Re: Is encrypting twice much more secure?



On Jan 12, 11:05 pm, unruh <un...@xxxxxxxxxxxxxxxxxxxxxxx> wrote:
On 2010-01-13, Michael B Allen <iop...@xxxxxxxxx> wrote:
So if the escrow agent leaks the password that would be a drag but
it's not a big deal. But if AES256 is miraculously cracked next month,
I don't want to make it easy for people with the encrypted packages to
recover the source.

?? But if the agent leaks the password, they have the source. That is
like the encryption being cracked ( an dfar far more probable).
You security concerns are completely ass backwards.

Not really. If 1 of 100 customers manages to get the password, the
other 99 still do not have it. If the encryption algorithm is cracked,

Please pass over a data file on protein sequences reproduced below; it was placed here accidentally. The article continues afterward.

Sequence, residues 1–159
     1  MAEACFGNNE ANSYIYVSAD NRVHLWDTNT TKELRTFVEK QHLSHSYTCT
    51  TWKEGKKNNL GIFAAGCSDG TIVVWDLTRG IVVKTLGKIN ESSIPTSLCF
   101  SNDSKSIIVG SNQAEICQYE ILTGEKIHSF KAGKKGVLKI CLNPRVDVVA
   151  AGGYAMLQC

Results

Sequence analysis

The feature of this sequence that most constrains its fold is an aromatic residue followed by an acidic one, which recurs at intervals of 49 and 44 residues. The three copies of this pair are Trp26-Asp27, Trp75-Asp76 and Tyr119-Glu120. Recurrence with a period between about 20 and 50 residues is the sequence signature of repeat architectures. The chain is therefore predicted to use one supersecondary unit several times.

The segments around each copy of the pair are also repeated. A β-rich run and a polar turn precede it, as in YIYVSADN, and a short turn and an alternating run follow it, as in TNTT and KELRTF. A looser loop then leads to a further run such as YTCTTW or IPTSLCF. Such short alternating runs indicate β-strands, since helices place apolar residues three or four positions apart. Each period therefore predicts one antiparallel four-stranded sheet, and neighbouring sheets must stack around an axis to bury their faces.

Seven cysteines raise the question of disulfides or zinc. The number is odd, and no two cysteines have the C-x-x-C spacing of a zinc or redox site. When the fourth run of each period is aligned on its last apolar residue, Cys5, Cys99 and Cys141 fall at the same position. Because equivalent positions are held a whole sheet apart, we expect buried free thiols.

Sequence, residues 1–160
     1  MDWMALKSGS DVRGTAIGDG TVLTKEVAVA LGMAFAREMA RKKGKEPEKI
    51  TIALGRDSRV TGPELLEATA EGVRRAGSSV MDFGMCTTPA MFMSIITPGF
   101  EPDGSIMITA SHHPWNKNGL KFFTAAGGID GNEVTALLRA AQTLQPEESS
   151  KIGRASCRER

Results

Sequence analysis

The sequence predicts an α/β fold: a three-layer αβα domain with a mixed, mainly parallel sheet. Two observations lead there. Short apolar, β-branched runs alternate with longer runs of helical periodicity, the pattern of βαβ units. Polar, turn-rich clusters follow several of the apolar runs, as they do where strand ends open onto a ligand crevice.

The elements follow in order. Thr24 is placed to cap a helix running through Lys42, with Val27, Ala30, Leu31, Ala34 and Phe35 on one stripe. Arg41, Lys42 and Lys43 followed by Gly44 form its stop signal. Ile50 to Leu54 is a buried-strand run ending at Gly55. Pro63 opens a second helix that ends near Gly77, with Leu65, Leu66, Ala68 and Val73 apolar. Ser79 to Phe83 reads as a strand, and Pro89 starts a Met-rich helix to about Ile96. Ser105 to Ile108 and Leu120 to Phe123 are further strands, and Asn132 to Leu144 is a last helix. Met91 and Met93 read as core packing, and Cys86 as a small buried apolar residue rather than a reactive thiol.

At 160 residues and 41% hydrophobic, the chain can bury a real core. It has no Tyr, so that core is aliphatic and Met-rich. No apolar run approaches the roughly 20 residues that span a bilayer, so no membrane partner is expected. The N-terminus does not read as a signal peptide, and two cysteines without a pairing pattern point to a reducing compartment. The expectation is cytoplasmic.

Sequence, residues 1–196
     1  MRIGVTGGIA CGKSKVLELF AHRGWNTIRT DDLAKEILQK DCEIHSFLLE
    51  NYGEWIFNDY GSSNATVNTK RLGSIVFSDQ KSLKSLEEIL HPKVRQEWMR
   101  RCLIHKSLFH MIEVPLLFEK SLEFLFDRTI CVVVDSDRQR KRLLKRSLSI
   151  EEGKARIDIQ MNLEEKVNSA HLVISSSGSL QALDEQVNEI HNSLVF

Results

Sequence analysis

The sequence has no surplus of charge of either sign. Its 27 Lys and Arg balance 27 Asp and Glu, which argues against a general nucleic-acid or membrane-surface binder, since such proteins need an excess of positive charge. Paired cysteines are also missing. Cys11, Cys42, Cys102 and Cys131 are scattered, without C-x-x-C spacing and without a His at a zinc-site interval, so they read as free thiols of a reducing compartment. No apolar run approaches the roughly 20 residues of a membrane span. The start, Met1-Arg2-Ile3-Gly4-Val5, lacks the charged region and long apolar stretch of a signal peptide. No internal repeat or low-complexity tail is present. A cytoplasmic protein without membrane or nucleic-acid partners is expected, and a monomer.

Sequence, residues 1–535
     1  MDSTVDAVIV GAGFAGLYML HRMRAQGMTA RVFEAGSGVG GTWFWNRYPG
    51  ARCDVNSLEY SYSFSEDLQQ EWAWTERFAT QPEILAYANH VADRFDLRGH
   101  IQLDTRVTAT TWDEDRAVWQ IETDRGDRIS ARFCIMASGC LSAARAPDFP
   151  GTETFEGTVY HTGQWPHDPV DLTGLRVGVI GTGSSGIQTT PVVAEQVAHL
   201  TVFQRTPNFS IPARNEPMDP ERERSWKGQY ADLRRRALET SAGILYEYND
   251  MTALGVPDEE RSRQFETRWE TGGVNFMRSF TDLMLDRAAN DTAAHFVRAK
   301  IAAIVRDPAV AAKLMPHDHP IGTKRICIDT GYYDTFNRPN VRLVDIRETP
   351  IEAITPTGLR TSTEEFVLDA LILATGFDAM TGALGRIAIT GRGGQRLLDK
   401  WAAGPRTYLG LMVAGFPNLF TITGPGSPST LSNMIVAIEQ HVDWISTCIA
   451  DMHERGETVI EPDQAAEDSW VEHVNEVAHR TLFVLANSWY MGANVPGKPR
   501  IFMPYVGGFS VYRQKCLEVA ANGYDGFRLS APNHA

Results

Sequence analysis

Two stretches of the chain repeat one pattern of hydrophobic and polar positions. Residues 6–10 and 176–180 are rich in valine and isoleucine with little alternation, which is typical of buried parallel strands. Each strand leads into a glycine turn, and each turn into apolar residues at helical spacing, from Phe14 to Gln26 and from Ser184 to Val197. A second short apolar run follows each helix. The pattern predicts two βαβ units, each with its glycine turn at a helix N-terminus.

all 100 can recover the plaintext.

I hear you - 1 pass of AES is enough. But it's trivial to do 3 passes
so why not? The only reason not to would be if it somehow made it
*less* secure. That is what I'm asking and I think the question has
been answered well (although I have to go back and understand
Maaartin's master password bit). Thanks sci.crypt.

It does make it less secure. It makes it more complex and means that the
probablility of problems, so that when you die noone can decrypt anyway,
is far far higher.

Nonsense. Encrypting a file in multiple passes is hardly much more
complex than doing one pass. My impression from reading the answers to
my question is that, if I completely screwed up the implementation,
multiple passes would simply be no more secure than one pass.
.



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